As a result, devices using low-speed transfers typically are not used for data acquisition applications requiring more than a few kilosamples per second. Many of the currently available USB-based data acquisition products including Measurement Computingï¿½s PMD-1208LS and the QUANCOMï¿½ USBOPTOREL16 use low-speed transfers.
A full-speed transfer offers a maximum data transfer rate of 12 MB/s. Once again, this is the actual speed that bits are transferred over the bus, and actual usable data transfer rates will be less. All four transfer modes are allowed although only control and interrupt are supported by the stand-ard Windows human interface device (HID) driver.
Data packets can be 64 B maximum for the control, interrupt, and bulk transfers and 1,023 B maximum for isochronous transfers. Maximum latency for interrupt transfers can be as low as 1 ms. A maximum of 832 B/ms can be transferred with a control endpoint, 1,216 B/ms with a bulk endpoint, 64 B/ms with an interrupt endpoint (up to 19 interrupt endpoint pipes are available), and 1,023 B/ms with an isochronous endpoint.
The full-speed transfer mode implements data acquisition devices with sample rates in the 100-kHz range based on interrupt transfers. Measurement Computingï¿½s PMD-1608FS and the softDSP SDS 200 use full-speed data transfers. Faster devices could be developed based on bulk or isochronous transfers, but the interrupt transfer method is the most reliable way to ensure accurate data without risking data loss or first in first out (FIFO) overruns.
A high-speed transfer offers a maximum data transfer rate of 480 Mb/s and is only supported by USB 2.0 ports. Like the low- and full-speed specifications, this is the actual rate at which bits are transferred over the bus, and with overhead and error checking, the attainable data transfer rates will be less.
High speed supports all four transfer modes. Data packets can be 64 B maximum for control transfers, 512 B maximum for bulk transfers, 1,024 B maximum for interrupt transfers, and 1,024 B maximum for isochronous transfers. Maximum latency for interrupt transfers can be as low as 125 ï¿½s.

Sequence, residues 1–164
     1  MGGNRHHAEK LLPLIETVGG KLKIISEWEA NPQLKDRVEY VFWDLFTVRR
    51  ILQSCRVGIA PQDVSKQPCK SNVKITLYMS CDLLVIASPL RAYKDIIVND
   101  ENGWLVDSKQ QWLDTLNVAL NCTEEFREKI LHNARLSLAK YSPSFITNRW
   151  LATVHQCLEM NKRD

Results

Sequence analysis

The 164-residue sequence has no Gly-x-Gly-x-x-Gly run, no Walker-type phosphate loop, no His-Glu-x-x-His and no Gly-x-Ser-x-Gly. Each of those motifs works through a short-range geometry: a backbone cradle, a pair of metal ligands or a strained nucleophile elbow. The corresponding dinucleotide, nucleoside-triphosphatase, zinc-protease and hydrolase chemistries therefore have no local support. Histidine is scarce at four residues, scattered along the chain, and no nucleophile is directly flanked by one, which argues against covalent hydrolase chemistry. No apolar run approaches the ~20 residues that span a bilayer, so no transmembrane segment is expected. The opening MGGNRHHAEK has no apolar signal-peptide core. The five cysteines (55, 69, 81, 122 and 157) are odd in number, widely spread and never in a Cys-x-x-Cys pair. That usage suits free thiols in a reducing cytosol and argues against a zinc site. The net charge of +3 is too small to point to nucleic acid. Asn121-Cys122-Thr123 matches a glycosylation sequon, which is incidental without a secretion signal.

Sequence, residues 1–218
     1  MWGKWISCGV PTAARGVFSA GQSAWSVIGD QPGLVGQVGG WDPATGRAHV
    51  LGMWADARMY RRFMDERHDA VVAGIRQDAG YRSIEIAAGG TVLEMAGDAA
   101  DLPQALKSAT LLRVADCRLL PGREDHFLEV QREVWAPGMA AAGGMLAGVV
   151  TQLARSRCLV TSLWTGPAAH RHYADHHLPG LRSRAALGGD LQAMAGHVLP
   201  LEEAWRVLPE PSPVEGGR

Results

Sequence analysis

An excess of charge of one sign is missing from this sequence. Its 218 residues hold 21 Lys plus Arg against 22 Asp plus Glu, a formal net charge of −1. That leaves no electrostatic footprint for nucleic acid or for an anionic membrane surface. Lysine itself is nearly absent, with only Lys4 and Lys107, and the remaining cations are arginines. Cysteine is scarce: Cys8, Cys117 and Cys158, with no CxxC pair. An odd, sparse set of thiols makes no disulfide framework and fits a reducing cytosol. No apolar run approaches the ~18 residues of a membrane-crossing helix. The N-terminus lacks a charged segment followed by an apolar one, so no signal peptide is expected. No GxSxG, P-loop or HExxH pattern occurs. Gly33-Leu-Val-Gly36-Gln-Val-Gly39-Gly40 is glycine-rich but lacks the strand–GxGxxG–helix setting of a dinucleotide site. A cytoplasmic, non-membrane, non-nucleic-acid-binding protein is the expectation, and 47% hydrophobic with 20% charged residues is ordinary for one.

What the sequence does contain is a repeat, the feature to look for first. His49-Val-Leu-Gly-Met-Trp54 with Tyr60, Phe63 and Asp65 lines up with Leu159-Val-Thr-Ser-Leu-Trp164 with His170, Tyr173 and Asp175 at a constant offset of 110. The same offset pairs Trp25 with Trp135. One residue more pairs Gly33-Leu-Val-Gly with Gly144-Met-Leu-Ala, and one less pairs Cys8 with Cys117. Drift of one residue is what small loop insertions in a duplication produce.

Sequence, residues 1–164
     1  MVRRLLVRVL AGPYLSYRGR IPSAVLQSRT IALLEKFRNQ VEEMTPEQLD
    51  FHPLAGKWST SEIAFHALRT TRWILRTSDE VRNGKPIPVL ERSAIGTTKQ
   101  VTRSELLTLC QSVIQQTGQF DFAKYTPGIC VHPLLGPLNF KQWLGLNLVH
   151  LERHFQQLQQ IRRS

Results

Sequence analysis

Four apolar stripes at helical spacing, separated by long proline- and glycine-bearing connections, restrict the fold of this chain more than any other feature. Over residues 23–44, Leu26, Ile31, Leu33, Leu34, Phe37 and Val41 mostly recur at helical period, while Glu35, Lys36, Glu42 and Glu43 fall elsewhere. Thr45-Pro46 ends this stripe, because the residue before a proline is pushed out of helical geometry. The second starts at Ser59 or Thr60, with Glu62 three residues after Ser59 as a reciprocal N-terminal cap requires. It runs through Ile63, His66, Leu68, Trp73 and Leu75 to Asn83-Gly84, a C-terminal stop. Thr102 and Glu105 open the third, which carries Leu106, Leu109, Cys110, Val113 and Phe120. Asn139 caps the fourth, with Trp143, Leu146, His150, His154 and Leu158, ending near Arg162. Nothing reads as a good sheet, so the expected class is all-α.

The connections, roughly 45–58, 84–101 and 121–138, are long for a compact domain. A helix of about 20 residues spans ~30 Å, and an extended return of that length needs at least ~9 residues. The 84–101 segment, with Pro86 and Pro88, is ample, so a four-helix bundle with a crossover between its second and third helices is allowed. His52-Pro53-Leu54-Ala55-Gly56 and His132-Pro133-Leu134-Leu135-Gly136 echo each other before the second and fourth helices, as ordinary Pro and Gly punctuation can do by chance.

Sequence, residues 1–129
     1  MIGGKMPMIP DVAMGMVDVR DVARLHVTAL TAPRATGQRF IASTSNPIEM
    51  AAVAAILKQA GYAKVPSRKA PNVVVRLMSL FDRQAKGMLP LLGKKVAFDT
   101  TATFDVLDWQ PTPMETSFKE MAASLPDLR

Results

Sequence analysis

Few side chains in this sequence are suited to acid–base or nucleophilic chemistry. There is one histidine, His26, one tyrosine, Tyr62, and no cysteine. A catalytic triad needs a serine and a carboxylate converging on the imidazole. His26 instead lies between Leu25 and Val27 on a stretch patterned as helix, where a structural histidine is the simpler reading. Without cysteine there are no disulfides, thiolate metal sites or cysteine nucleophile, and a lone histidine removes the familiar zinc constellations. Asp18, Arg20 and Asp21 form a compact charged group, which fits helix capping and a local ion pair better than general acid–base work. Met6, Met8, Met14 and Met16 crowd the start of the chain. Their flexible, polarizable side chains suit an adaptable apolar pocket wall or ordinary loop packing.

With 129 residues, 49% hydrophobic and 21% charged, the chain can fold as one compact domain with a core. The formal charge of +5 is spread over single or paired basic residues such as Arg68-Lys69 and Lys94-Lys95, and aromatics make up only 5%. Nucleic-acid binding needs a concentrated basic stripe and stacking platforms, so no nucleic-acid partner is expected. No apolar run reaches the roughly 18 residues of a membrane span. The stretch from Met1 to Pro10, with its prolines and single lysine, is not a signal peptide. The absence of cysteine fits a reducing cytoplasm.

A maximum of 15,872 B/ms can be transferred with a control endpoint, 53,248 B/ms with a bulk endpoint, 24,576 B/ms with an interrupt endpoint, and 24,576 B/ms with an isochronous endpoint. USB-based data acquisition products based on high-speed USB transfers could be expected to support sample rates in the megahertz range.
The USB bus cannot keep up with the 80-MB/s transfer rate possible over the PCI or CompactPCI buses. However, a high-speed USB should accommodate the vast majority of todayï¿½s data acquisition applications.
The preferred method would be the interrupt mode because it can guarantee timing of the acquisition. Currently, we are not aware of any acquisition device that takes advantage of the capabilities of high-speed data transfers although new products are released quite frequently, and by the time you read this article, there may be.
Mixing Different-Speed Devices on a Single Port
If you are using one USB device or a single USB device per computer port, there are no issues concerning mixing devices of different speeds. If you have a USB 2.0 port, you simply plug in any USB device. The system will recognize the deviceï¿½s speed and communicate accordingly.
If you plug a high-speed 2.0 device into a 1.1 port, the device should be recognized, installed, and actually work. However, you will not necessarily achieve the sample rates that you would obtain from a 2.0 port.
To connect more than one USB device to a single port on your computer, you must install a USB hub. Hubs are available in both 1.1 and 2.0 configurations. You may plug any combination of 1.1 and 2.0 devices into either hub, and they should work.
You also may mix low-speed, full-speed, and high-speed devices on a single hub without typically reducing the performance of the higher speed devices. To take advantage of high-speed transfers, the device, the hub, and the computer port all must be 2.0. The USB has been designed to minimize, if not eliminate, the penalty for mixing older and newer technology.
About the Authors
Nick Wright is a hardware design engineer at Measurement Computing. He has been developing microcontroller-based hardware and firmware for more than nine years, concentrating on communications buses and measurement systems. Mr. Wright also has held engineering positions at Microchip Technologies and Advanced Instruments. e-mail: [email protected]
Bob Judd is vice president of marketing at Measurement Computing. He has been involved in the test and measurement industries for more than 20 years, serving in engineering and marketing capacities at companies including Keithley MetraByte, Datel, and Northrop. e-mail: [email protected]
Measurement Computing, 16 Commerce Blvd., Middleboro, MA 02346, 508-946-5100.